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Dr. Kevin Murray, C'68

Kevin Murray

A Call to Heal

In many respects, Kevin Murray became a successful heart surgeon because his older brother dared him he couldn’t do it. That was the way it was between Kevin and Jim Murray. Both attended the Mount, were very close and very competitive. “He was always my idol,” says Murray of Jim, who graduated from the Mount in 1968 with honors in chemistry.

Dr. Murray was focusing on chemistry, too, his first year at the Mount and considering becoming a high school chemistry teacher. His brother, who was pursuing a career in medicine, had other plans for him.

“I was home visiting my parents in Hagerstown, and Jim and I were playing basketball,” recalls Dr. Murray. “He asked how the semester was going. I said good enough.  He got mad at me and asked, ‘Why aren’t you going to medical school? Don’t you want to? Or is the real reason that you can’t do it?”

That challenge proved to be life-changing for Dr. Murray. Today, he is not only a successful heart surgeon, teacher and researcher, but one of the pioneers of the artificial heart, the Jarvik 7. 

Dr. Murray pursued his new career with gusto. In fact, he was admitted into medical school his junior year at the Mount. “Jim did it in four years, so I decided to do it in three,” says Dr. Murray, grinning. He took the MCATs his sophomore year and then applied to the University of Maryland Medical School.

Dr. Murray received his degree with honors from the Mount in 1978 as part of the class of 1975 and upon completing medical school. “There was no hesitation on the part of the Mount. When I said I wanted to go to medical school, the response was, ‘Here’s how we’re going to help you.’”

When it came time for Dr. Murray to focus on his area of specialty, he selected surgery, again thanks to his brother Jim, who was now a doctor with the Air Force. “I remember him saying that he wished he had been a surgeon,” says Dr. Murray. “So guess what? I was going to be a surgeon.”

He went on to the University of Chicago Hospitals and Clinics for his internship and residency in general surgery, later followed by cardiothoracic surgery at Yale University. At these institutions he was surrounded by fellow residents, most of whom came with Ivy League educations. “But I was their equal or better, and I owe a debt of gratitude to the Mount for that.”

However, as he was discovering his call as a physician, he suffered a great loss. His brother Jim passed away in 1981, due to what is believed to be the result of a heart arrhythmia. “There became this huge hole in my life,” he says.

He continued his career, though, and during his last year at the University of Chicago became involved with an NIH grant to study calcium metabolism in cells. But walking by a newsstand one day, a headline caught his eye. “There was this picture of an artificial heart and the headline was, ‘The Artificial Heart Is Here,’” he says. He read the article and was intrigued.

The major players involved with this research at the time were at such institutions as Harvard and Penn State. Yet Dr. Murray saw promise at the University of Utah and chose to work with their Institute of Bio-Engineering’s Division of Artificial Organs.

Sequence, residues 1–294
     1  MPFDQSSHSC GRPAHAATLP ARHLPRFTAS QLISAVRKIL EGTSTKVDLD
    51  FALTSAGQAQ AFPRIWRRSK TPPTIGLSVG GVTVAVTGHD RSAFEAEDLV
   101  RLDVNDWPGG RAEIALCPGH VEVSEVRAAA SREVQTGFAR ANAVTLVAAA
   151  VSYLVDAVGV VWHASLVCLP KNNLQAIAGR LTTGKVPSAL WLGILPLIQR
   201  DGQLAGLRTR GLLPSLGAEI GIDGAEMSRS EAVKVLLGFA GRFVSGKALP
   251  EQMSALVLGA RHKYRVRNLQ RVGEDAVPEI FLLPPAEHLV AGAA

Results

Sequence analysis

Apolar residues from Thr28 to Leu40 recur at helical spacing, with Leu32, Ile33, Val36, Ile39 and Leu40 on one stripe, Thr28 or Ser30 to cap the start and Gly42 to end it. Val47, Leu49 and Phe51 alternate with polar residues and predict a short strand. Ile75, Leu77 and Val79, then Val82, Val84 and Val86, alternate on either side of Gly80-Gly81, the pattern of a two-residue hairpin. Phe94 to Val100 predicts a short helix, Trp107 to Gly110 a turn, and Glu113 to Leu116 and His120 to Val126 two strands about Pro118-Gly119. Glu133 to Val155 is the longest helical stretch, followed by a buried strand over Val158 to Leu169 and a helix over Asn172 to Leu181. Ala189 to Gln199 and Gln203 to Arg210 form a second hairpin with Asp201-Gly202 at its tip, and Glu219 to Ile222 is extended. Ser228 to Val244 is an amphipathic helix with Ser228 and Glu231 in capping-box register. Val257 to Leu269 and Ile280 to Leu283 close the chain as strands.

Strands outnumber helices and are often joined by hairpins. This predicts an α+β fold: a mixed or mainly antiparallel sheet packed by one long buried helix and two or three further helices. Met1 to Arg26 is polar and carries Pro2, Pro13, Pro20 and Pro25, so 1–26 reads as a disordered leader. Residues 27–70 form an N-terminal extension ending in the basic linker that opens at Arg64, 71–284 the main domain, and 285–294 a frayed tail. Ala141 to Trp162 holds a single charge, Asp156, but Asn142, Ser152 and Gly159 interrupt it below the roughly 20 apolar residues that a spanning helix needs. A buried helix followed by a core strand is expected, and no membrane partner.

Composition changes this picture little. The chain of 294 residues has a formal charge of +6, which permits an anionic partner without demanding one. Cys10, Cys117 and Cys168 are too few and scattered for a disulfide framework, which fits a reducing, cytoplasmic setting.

When he arrived, the group was attempting to find a patient for the Jarvik 7, an artificial heart developed by Robert Jarvik and fellow researchers. In the fall of 1982, Dr. Murray was working with implanting an artificial heart into a cow, when “this man and his wife came through with a physician,” he remembers. “After looking at the cow and all the equipment, the man said, ‘This isn’t for me.’”

That man was Barney Clark, a Seattle dentist and the first recipient of the artificial heart. Clark changed his mind about the procedure after becoming very ill. At the time, Dr. Murray felt that if the first recipient lived two to three days, “that would be miraculous.” Clark lived 112 days.

The media took to the story immediately. The Jarvick 7 made the cover of Time and Newsweek. Murray himself was interviewed by “Good Morning America.” When Clark died from secondary complications, the Jarvik 7 still beating strongly in his chest, the press stated that the transplant was not a success. But Dr. Murray sees it differently. Because of Clark’s bravery the artificial heart is used today to extend life for patients waiting for a human heart transplant.

“This was a phenomenal moment in history,” says Dr. Murray, who plans to attend a 25th anniversary gathering of the team in December.

Dr. Murray went on to teach and practice medicine, remaining a consultant in the field of artificial heart development. He has been director of the artificial heart program at Ohio State, a faculty member at Washington University’s School of Medicine and chief of cardiothoracic surgery at the University of Nevada’s School of Medicine. More recently, he left the Kaiser Foundation Hospital’s Division of Cardiothoracic Surgery in Hawaii to join Reid Hospital in Indiana.

He remains amazed at what he does in the operating room. “You stop the heart, work on it, and start it again. During that time, it is sitting there doing nothing, no pulse,” he says. “Then the next day when you visit the patient, he or she is sitting in a chair and talking to you. You’ve held this patient’s heart in your hands.”

But, “I feel that I never saved a life. I believe God saves lives.”

Looking back on his own life, he has only one regret. “I wish Jim were here,” he says.

Jim is not forgotten. Dr. Murray has seen to that. In fact, there is a room in the science building at the Mount named in honor of Kevin Murray’s brother–James Murray, M.D.  The older brother who dreamed big enough for both of them.

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